A LEGO Mindstorms EV3 robot with the Swift Playgrounds programming interface.

Image: Apple

The benefit of Swift Playground, though, is that it’s designed to teach school-age children (and adults) how to code. The free app is simple and fun, but with hidden depths that slowly reveal themselves.

According to Apple, more than 1 million people (children and adults) use Swift to learn the fundamentals of coding. “Now they can instantly see the code they create and directly control their favorite robots, drones and instruments through Swift Playgrounds. It’s an incredibly exciting and powerful way to learn,” said Craig Federighi, Apple’s senior vice president of Software Engineering, in a statement.

As Apple CEO Tim Cook explained to Mashable last month, Swift Playgrounds is “Simple to learn and easy to understand, but could be used for most complex mobile apps.” Apparently, that now includes drones and robots, too.

Bonus: Airport robot makes traveling much easier

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Watch LeBron take on Steph with NBA Finals highlights in VR

Imagine this in virtual reality.
Imagine this in virtual reality.

Image: Ezra Shaw/Getty Images

The NBA Finals start Thursday night with yet another epic rematch between the Cleveland Cavaliers and the Golden State Warriors.

You can livestream the action between LeBron James’ Cavaliers and Steph Curry’s Warriors on ABC. But, if you really want to feel like you’re a part of the action without shelling out around $1,600 for a seat in Oakland’s Oracle Arena, there’s another option: VR.

The NBA partnered with NextVR to give fans the opportunity to watch highlights from the series as if you’re in front row seats.

The only catch is that you have to subscribe to NBA League Pass and have a Samsung Gear VR headset or Google Daydream View headset. (Sorry iPhone users!) Anyone with a compatible phone can download the NextVR app from the Google Play Store or Oculus Store. Here’s what you need to know to get everything set up.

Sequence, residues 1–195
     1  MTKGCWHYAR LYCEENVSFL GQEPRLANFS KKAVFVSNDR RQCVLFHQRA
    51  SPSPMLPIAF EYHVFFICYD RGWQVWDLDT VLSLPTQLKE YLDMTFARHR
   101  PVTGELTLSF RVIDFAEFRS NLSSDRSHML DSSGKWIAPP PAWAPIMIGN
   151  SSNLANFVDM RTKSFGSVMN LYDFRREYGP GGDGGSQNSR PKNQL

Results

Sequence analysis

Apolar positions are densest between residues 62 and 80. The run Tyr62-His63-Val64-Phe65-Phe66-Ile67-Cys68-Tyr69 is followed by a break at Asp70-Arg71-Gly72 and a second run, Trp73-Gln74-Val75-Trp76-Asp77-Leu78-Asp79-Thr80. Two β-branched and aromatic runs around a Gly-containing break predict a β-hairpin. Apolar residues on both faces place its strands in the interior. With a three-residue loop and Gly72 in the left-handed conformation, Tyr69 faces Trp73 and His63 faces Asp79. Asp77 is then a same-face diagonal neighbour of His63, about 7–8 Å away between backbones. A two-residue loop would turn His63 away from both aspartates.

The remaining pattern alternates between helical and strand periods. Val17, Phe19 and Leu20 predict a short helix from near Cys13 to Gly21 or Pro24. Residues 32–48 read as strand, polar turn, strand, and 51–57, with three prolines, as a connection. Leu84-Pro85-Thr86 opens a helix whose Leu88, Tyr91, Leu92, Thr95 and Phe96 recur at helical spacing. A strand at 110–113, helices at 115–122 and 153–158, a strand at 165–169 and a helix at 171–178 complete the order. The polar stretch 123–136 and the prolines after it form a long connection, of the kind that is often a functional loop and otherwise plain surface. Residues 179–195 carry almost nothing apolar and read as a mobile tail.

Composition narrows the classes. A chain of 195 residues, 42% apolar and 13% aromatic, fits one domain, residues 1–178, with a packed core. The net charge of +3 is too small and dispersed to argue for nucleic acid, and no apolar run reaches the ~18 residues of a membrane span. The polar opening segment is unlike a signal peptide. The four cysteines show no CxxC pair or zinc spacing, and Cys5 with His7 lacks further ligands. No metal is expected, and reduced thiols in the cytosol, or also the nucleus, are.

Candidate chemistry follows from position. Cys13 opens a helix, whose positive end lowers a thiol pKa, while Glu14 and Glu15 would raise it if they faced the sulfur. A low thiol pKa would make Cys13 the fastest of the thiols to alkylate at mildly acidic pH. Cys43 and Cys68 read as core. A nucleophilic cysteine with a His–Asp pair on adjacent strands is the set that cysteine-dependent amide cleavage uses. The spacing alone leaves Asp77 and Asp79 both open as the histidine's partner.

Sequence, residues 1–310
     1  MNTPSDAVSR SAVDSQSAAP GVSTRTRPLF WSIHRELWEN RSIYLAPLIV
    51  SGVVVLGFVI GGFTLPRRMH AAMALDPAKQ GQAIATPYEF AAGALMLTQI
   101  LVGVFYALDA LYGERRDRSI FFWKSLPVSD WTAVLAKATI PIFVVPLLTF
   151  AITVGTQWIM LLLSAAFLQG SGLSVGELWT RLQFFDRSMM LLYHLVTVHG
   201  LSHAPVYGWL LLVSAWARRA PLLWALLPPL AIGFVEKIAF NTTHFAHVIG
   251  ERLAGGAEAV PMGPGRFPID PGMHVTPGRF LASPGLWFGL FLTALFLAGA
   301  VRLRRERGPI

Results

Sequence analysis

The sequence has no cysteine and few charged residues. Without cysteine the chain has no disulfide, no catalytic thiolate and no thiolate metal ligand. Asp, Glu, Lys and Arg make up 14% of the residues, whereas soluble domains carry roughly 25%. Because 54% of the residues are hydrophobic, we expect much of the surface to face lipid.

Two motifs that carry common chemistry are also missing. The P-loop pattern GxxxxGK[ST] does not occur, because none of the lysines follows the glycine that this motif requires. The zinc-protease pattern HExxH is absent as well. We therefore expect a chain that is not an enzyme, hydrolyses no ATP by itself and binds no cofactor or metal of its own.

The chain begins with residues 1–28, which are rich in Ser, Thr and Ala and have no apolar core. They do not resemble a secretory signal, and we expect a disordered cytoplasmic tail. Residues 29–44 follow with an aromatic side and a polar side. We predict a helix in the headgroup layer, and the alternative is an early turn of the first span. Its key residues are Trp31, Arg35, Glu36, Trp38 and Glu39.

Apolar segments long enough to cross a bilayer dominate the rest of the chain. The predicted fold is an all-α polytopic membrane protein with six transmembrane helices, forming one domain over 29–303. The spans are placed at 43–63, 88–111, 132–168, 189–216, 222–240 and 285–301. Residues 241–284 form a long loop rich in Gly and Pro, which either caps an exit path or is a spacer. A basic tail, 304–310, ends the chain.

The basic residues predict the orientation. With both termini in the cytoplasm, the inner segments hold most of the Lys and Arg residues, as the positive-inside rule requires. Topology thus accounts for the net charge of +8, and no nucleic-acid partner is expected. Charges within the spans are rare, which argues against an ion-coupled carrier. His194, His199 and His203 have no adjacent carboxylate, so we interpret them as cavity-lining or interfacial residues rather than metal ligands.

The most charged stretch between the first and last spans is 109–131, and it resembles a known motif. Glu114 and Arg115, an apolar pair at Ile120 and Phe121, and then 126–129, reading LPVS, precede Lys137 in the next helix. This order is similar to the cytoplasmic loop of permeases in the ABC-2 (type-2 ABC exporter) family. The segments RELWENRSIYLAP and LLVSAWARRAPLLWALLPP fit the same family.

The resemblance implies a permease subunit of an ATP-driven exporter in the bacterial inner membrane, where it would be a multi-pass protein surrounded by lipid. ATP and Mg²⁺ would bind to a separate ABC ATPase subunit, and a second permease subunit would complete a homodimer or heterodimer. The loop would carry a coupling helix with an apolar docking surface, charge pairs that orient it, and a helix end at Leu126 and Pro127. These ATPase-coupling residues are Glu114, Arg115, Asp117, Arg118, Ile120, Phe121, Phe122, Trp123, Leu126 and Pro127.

And as a bonus, if you missed any of the earlier games in the 2016-2017 season, you can always get yourself up to speed by watching archived games before the Finals kick off.

NextVR CEO David Cole recently weighed in on the benefits of the partnership.

“This has been a season of firsts for our partnership with the NBA and we’re thrilled to be able to deliver highlights from each game of the 2017 NBA Finals to our fans,” Cole said in a statement. “After producing weekly live games, NBA All-Star coverage, and season highlights, the opportunity to deliver access to The Finals caps off an exciting 2016-17 season.”

While plenty of leagues are embracing VR, including UFC, NASCAR, the NHL, and NFL, it’s not clear whether fans are buying it. Still, with games getting so expensive, dropping $130 on a Samsung Gear VR doesn’t seem like a terrible idea. 9e2c 0f9b%2fthumb%2f00001

PCs Shine Again, but for How Long?

Just when PCs looked to be dying a slow, painful death, they became interesting again. As expected, this week’s news coming from Computex in Taiwan is flush with new PCs and PC technologies, but is it enough to reinvigorate a market that has faced declining sales since 2011?

The market peaked at just over 365 million units annually, and fell to 269 million units last year, according to Gartner. So, why all the excitement?

The excitement is emerging from both the technology driving PCs and the applications leveraging the processing power of PCs. In terms of technology, the battle between AMD and Intel for processor supremacy has heated up again, along with a new core race.

High-End Battle Impact